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(Click to Enlarge)
10 3/4 x 7 7/8 inches as a complete piece attached to a larger backing
Composed etching measuring approximately 6 1/2 x 4 3/4 inches.
Signed Sphinx in pencil lower right.
En verso signed in pencil Jules de Goncourt in different hand, an incorrect attribution to 19th century Parisian writer and artist Jules de Goncourt.

Depicts a prostitute at the famous/infamous Le Sphinx in 1930s Paris.

Le Sphinx was a brothel, which was opened in 1931 in Paris. In 1946. Le Sphinx was among the most expensive and best known maisons de tolérance in the Paris of the 1930s. It was also frequented by German officers during the war.

Le Sphinx was a celebrated Parisian brothel, located at 31 Boulevard Edgar Quinet in Montparnasse, which Brassai describes in The Secret Paris of the 30’s (London, 1976). It flourished during the 1930s and was a favourite haunt of artists. Giacometti was a regular visitor and regarded it as ‘a place more marvellous than any other’ (quoted in James Lord, Giacometti, New York, 1985, p.78). His bronze sculpture, ‘Quatre Figurines sur Bas’ 1950 and 1965, represents ‘Several nude women seen at the “Sphinx”’ (letter from Giacometti to Pierre Matisse); there is a cast in the Tate’s collection (T00773). James Boswell visited Le Sphinx in the early part of 1937 and this experience directly inspired the drawings which were executed shortly after, in the artist’s home at Charlbert Court, St John’s Wood, London. wwwtatedotorg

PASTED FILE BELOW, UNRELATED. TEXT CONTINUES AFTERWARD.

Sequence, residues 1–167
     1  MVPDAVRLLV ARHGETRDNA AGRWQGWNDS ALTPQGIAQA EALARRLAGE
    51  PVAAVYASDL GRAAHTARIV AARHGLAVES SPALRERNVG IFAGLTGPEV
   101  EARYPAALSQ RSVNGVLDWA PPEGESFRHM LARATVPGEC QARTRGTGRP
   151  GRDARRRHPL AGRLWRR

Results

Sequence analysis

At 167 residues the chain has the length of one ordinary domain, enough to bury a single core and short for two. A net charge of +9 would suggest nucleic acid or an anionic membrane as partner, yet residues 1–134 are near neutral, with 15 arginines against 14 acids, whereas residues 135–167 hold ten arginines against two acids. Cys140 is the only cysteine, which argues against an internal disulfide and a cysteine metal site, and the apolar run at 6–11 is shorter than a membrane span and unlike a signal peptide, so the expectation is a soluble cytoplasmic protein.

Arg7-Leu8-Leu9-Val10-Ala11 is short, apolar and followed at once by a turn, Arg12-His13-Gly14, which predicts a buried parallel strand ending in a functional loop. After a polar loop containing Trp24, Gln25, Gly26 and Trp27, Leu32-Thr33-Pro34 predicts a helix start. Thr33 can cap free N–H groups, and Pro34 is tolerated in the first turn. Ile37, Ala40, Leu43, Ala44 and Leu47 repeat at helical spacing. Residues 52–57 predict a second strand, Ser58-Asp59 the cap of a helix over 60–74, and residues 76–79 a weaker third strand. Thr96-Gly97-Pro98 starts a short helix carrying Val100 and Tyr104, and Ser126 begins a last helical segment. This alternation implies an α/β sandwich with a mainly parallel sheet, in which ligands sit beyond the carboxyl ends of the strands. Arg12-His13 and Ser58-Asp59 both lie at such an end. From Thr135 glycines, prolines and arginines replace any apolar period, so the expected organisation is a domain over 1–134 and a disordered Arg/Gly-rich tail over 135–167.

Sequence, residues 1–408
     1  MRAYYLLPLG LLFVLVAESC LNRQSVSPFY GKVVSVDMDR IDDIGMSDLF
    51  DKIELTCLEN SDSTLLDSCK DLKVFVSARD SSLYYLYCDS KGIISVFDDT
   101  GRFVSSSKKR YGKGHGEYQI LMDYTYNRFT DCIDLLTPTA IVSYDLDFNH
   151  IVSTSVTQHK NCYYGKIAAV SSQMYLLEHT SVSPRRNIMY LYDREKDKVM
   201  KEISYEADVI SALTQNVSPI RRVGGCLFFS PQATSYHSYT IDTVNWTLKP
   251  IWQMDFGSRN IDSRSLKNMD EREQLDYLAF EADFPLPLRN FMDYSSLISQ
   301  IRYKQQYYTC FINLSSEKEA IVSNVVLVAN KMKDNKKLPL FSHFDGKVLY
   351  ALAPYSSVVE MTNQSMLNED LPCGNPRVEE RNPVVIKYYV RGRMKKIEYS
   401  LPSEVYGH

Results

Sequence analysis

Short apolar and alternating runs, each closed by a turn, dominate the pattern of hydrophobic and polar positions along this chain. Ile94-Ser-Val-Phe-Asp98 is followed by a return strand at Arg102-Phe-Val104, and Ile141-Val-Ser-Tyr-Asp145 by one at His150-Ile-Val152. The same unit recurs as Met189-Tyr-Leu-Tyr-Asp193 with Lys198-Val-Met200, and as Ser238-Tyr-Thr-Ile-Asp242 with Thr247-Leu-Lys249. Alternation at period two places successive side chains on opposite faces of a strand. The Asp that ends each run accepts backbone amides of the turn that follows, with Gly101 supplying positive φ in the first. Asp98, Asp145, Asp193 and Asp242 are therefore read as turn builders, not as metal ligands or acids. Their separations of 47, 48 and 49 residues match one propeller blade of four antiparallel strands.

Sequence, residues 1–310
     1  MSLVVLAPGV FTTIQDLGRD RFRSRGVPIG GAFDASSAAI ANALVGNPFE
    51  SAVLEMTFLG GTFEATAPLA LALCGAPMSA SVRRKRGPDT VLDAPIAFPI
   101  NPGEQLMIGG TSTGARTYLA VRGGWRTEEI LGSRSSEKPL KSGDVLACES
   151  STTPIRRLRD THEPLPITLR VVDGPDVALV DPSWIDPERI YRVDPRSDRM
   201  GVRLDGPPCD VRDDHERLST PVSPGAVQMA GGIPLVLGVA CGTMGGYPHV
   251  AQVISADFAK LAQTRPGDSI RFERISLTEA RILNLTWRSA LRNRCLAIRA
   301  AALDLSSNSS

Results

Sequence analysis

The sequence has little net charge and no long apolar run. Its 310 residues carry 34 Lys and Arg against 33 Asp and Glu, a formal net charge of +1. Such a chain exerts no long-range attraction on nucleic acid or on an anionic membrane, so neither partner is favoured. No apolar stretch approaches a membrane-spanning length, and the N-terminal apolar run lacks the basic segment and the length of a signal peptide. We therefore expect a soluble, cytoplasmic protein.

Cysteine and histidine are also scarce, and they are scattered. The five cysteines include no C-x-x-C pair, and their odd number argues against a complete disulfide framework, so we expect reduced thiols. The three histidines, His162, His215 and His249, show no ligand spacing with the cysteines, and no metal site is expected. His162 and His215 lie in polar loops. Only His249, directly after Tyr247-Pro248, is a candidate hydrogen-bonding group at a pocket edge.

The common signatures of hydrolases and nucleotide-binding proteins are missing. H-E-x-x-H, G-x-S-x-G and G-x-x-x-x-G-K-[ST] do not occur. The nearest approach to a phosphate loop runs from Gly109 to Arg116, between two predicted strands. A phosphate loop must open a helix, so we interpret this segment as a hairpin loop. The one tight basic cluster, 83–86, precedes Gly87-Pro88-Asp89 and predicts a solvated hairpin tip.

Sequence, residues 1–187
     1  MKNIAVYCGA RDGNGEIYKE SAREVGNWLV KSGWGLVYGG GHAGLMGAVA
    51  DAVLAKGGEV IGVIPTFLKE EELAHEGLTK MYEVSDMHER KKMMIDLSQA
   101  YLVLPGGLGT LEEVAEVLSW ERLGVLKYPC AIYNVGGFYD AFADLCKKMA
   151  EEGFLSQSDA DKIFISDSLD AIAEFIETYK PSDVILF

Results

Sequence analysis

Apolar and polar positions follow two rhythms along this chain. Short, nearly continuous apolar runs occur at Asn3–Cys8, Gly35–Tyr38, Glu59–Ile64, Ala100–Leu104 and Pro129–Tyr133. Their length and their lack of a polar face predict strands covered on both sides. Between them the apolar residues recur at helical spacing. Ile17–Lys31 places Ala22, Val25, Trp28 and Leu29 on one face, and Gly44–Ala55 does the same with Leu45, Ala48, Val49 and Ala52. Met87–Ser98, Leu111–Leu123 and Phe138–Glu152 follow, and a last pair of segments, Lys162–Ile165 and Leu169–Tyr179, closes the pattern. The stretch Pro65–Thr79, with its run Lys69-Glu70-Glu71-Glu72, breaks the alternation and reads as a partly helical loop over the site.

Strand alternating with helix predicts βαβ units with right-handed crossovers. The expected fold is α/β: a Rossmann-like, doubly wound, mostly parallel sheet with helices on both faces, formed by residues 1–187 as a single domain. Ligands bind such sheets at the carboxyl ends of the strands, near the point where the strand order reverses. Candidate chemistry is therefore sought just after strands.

After the war, Marthe Richard, a town councillor in Paris who had been a prostitute herself, campaigned for the closure of all brothels, and the “loi de Marthe Richard” was passed on April 13, 1946, closing the legal brothels in France. Roughly 20,000 women were affected by this law and approximately 1400 houses closed.